John S. Carlile (December 16, 1817 - October 24, 1878) was an American merchant, lawyer, and politician, including a United States Senator. A strong supporter of the Union cause during the American Civil War, he represented the loyalist faction of Virginia, which was eventually separated into two distinct states over his protests.
Carlile was born in Winchester, Virginia. He was educated by his mother until he was fourteen years old, when he became salesman in a store, and at the age of seventeen went into business on his own account. He then studied law, was admitted to the bar in 1840, and began practice in Beverly. Entering politics, he joined the Democratic Party. He was selected as a delegate to the Virginia state constitutional convention in 1850. Carlile served in the Virginia State Senate from 1847-51. He joined the new Know Nothing political movement in 1854 and represented Virginia's 11th District in the United States House for one term.
He was a delegate from Harrison County to the Virginia secession convention in 1861, voting no on the controversial resolution. He was a leader in the anti-secession movement, and was prominent in the Wheeling Convention of June 1861. He was averse, however, to the formation of a new state (what became West Virginia), preferring that Congress should recognize the Unionist government at Wheeling as the true state government of Virginia. On June 13, 1861, at the first session of the Second Wheeling Convention, Carlile presented "A Declaration of the People of Virginia," a document that called for the reorganization of the government of Virginia on the grounds that due to Virginia's decision to secede from the United States, all state government offices had been vacated.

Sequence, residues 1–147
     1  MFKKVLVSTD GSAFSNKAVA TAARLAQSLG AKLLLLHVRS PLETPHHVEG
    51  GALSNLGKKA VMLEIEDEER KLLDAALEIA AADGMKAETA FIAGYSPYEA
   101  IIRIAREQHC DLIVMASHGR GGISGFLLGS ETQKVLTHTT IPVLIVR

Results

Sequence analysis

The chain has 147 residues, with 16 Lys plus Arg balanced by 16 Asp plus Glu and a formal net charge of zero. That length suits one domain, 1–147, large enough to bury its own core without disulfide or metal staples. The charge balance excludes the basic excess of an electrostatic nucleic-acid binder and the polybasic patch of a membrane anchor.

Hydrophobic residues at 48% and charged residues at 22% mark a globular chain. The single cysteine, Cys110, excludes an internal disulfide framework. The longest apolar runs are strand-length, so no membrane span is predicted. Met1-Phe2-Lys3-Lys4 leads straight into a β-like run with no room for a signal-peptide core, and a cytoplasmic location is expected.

He was again chosen to Congress in 1861, but kept his seat in the House of Representatives only from July 4 through July 13, when he was elected as one of two United States senators from the loyal faction of Virginia, and served until 1865. In the Senate, he was uniformly in favor of a strict construction of the Constitution, opposing all measures recognizing that there existed a rebellion of states instead of individuals, and denying the right of Congress to interfere in any way with the slaves (Carlile being a slaveowner himself). He frequently met with President Abraham Lincoln in Washington D.C. to try to garner his support for his causes.
Following the war, he retired from politics and returned home to resume his law practice. He died in Clarksburg, West Virginia, and was buried in the Odd Fellows Cemetery.